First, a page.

You’ve seen this one in a previous blog. Vicky and I have stayed in this cottage and loved our time here. It is quite livable as is! After I last wrote about it two parties were moved to look very closely at it and one couple travelled to Normandy to visit it. Their final comment to me was:
Thanks for all your input on this, we felt after a lot of thought that it did not quite meet our needs.
It is indeed a lovely cottage….It does need TLC rather more than I could take on….nothing that a handyman could not handle easily, but that’s not me.
It does need new windows too.
Apart from that the area is fantastic the neighbours lovely and it is in the middle of a village which is what we would want.
But take a look at what you get and the price!
Here she is again:
NORMANDY! It may not be our area of maximum expertise, but sometimes it’s worth breaking the mould… especially when it involves a charming stone cottage, set in a picturesque little village in the heart of the rolling hills of Normandy and belongs to special friends.
The cottage comprises 78m2 of open interior floor space, with a gorgeous garden of nearly 1000m², and has two bedrooms and a bathroom.
This little gem of a property is under 1 hr from the port of Caen and 35 000 Euro is the asking price!
I CAN’T RESIST A LITTLE (WAR) STORY…
… about my friend and cousin’s father Bill. He was a WWII bomber pilot and this cottage in Normandy was his last happy home. He had always harboured an overwhelming interest and desire to return to France from Zimbabwe, and to retire there, a dream he realised. He spent his latter years in this comfortable little home in a charming French Village researching lost allied aircraft and their crews in France, and wrote a fascinating book entitled “A Bundu Boy in Bomber Command” – “Memoirs of a Royal Air Force Lancaster Pilot from Rhodesia.”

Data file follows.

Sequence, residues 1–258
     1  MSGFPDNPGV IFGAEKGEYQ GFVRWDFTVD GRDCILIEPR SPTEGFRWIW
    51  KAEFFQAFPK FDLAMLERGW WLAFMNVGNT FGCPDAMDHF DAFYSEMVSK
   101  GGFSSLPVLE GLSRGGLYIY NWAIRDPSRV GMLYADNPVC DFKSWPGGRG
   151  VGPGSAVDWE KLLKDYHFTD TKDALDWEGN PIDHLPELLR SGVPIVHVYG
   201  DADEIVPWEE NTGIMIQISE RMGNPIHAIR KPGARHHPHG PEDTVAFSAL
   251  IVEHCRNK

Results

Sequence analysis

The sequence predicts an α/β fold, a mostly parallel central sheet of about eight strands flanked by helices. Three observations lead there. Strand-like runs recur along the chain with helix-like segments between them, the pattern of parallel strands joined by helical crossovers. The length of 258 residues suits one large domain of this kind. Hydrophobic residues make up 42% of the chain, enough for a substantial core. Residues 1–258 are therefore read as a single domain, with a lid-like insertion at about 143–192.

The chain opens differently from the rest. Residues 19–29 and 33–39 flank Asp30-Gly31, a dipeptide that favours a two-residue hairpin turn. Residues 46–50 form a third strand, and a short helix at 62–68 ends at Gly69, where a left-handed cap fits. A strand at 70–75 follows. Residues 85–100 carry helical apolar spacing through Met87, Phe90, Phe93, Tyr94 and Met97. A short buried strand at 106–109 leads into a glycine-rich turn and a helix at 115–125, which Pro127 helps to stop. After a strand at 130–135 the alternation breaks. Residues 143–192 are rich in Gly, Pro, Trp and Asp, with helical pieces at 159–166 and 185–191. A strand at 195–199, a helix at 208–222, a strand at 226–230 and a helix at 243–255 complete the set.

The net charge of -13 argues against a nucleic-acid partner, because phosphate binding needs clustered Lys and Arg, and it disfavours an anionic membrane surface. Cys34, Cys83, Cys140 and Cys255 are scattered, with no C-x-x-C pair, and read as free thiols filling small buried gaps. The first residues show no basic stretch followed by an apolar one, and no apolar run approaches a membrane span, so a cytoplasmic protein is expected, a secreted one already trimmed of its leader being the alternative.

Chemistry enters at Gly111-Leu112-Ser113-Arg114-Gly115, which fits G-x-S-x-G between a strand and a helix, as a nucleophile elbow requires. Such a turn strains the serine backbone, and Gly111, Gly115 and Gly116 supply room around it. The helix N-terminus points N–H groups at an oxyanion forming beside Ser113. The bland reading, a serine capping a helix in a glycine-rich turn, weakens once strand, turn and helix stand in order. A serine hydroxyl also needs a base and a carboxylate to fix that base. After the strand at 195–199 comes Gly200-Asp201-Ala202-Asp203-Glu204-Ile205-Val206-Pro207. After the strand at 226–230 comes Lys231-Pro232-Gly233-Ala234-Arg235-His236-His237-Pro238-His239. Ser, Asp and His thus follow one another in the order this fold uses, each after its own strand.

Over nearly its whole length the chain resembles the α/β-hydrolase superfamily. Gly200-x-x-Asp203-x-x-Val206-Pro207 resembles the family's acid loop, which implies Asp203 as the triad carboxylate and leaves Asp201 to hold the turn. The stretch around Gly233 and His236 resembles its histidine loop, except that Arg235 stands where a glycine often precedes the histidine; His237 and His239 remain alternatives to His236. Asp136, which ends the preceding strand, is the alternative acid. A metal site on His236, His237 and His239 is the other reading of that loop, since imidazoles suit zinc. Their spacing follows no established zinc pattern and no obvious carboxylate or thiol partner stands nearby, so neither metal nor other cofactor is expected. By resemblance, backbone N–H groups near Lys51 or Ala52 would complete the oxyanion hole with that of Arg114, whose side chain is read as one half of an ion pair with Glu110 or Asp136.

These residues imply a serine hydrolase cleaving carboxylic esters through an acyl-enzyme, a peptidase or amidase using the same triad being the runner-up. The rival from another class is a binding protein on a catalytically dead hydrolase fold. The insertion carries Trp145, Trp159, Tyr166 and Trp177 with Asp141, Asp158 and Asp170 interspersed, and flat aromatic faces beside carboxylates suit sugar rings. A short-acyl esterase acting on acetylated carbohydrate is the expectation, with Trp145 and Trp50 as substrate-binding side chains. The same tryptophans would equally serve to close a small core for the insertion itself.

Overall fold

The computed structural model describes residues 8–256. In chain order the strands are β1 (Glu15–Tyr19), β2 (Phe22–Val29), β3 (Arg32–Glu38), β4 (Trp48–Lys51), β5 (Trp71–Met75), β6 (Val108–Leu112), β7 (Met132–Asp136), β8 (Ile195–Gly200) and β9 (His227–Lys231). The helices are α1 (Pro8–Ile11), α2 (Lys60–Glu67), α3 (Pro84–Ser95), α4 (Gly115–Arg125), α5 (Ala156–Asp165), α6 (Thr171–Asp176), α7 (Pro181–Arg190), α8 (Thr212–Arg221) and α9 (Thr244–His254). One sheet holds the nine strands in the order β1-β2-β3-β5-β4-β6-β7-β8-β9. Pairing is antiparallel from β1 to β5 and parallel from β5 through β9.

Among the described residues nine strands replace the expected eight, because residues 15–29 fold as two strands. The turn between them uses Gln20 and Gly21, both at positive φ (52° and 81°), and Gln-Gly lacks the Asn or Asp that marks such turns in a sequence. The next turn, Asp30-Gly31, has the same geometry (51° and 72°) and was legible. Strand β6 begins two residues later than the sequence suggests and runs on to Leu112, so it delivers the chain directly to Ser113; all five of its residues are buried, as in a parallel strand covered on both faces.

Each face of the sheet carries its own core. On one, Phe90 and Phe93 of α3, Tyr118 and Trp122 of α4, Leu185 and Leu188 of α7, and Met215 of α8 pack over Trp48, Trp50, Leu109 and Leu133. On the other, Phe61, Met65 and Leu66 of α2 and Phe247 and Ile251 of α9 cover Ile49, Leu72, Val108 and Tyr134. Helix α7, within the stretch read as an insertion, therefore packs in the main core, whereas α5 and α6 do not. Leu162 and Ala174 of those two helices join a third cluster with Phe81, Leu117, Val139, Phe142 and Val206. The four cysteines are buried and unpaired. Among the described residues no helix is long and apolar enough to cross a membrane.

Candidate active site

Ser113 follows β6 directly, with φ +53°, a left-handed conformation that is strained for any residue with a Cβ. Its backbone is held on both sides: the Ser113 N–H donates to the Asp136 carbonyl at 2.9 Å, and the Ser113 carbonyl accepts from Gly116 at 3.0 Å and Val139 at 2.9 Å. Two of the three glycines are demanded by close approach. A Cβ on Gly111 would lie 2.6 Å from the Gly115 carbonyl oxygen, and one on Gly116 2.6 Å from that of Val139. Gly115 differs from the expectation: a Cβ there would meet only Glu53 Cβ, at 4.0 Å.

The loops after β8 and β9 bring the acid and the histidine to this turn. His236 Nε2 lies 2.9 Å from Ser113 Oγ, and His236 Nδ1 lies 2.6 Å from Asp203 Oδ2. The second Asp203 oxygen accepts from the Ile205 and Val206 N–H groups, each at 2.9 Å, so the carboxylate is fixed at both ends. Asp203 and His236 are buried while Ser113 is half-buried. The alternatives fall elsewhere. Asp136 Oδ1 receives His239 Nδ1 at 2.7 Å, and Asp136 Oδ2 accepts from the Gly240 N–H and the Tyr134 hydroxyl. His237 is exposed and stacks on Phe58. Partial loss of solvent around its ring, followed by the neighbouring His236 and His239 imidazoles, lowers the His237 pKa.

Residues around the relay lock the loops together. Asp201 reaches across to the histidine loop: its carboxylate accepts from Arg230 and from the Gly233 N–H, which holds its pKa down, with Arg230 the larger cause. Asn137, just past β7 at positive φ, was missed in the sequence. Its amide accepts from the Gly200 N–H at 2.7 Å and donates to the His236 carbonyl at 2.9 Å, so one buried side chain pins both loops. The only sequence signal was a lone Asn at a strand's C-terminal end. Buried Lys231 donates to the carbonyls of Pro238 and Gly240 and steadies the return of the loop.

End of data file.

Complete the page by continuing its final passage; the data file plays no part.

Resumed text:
It is available on Amazon – http://www.amazon.com/Bundu-Boy-Bomber-Command-Lancaster/dp/1553958799
In the spring of 1942 at the age of 18 he was accepted into the RAF in Rhodesia for pilot training. In June 1943, having qualified as a fighter pilot and given the rank of Sgt./Pilot, along with many other Rhodesians that had enlisted with him, he was posted to England. On arrival he was put on a conversion course for multi-engined aircraft. During training he selected his six-man crew and on completion, now a Pilot Officer, he was posted to No. 44 (Rhodesia) Squadron partially manned by fellow Rhodesians. From August 1944 to March 1945 Bill and his crew completed thirty-six missions. Following the regular thirty, they volunteered for the extra six! Drawing on details from his wartime log books he takes us through these missions that range from the French coast to the Baltic sea and deep into the industrial heartland of Germany.
For those with a mathematical turn of mind the odds of survival were frighteningly small. Bill’s final mission (the 36th) was a 1000 bomber raid on Essen on the 12th of March 1945 – this was a few weeks before his 21st birthday. He brought his crew safely home for the last time.
Returning to Rhodesia thoughts of those close friends who would never return cast a heavy cloud over what should have been such an exhilarating occasion. There would inevitably be a period of readjustment – but first of all he must learn to drive a motor car!